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How to Hunt Pronghorn (Guns, Gear, Tactics)

LJ Bonham is a semi-subsistence hunter, hunting magazine editor, and firearms enthusiast who lives in the Rocky Mountains.


Pronghorn Hunting

Few game animals in this world will challenge a hunter more than North America’s pronghorn. A holdover from the last Ice Age, the pronghorn (Antilocapra americana) inhabits the western U.S., central Canada, and northern Mexico. Considered an open prairie denizen, the pronghorn can turn up in some unexpected places. I once encountered a herd in Colorado at over 10,000 feet elevation—go figure.

Pronghorn are keen sighted, paranoid, and fast. They are the second fastest land mammal in the world just behind the cheetah. They can hit 60 mph in a sprint and cruise for miles at 30–35 mph. Suffice to say, you’ll not keep up with a herd if they are spooked. Their eyes are equivalent to eight power binoculars. They will see you long before you see them, even sooner if you move suddenly.

Given the pronghorn’s magnificent abilities to both detect and elude predators, how in the world is a slow, ungainly biped such a human supposed to get close enough to shoot one? The obvious answer is it’s not easy. However, it is possible—with the right tools and tactics.


We’ll discuss pronghorn guns in a moment. First, let’s look at the gear you’ll need to improve your chances.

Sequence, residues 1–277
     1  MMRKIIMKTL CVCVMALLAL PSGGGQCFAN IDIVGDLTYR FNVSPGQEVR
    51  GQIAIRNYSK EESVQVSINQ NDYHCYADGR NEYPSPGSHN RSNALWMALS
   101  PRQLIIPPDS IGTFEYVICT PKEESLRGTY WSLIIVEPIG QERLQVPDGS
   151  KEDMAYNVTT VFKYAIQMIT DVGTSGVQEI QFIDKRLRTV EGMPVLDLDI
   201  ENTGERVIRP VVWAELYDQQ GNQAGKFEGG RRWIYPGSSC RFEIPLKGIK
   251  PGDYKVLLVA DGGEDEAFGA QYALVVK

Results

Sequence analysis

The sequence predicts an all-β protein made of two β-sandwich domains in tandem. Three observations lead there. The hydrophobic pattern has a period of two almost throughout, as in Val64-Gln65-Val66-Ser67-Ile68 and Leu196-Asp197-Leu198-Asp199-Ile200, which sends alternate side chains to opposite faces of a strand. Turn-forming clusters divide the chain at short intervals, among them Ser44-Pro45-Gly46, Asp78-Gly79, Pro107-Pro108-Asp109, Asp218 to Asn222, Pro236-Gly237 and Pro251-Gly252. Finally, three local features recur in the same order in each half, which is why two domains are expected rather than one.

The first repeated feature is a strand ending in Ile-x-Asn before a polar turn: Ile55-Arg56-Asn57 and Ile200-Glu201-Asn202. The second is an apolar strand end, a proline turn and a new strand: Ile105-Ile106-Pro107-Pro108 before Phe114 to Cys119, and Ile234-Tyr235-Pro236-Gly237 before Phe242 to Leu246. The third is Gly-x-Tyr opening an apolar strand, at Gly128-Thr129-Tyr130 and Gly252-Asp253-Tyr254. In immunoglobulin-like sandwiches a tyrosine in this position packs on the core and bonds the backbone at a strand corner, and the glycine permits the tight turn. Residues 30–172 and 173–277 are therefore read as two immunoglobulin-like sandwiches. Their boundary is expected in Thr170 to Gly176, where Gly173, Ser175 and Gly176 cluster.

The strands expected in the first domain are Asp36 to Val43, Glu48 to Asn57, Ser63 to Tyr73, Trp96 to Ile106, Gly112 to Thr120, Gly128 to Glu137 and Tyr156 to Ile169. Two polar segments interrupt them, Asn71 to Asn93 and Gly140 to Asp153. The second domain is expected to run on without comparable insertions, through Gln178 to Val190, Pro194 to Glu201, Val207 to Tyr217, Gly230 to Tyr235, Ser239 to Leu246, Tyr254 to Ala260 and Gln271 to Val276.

The most critical item in a hunter’s pronghorn kit is excellent optics. Quality binoculars are a must. Remember, those prairie lobsters can see you miles away, so you must even the odds. Your best bets are 10 X 42 binoculars. Ten power will give you a distinct edge over the pronghorn’s eight power eyeballs. Use the binos to scan the wide-open spaces these beasts inhabit. Pronghorns’ bright white rumps and chests stand out well against sagebrush, tall grass, and sandy soil. If there’s snow on the ground, their black throats and buff bodies will give them up.

Although not imperative, a good spotting scope with a high magnification around 50 or 60 power will let you zero in on specific individuals. If your tags are for a particular gender (does’ ears look a lot like smaller buck horns from some angles), it helps to know if a herd has the proper animals in it before you launch a stalk which may cover miles and take hours to complete.

Good boots are a must. Often, you’ll cover long distances on foot as you search for and then move in on pronghorn. Your footwear needs to offer both comfort and good support. Select soles which are designed for rocky, sandy conditions. The U.S. military’s current desert boots, or something similar, are a good choice for early season hunts. For late season, any good insulated hunting boot will suffice.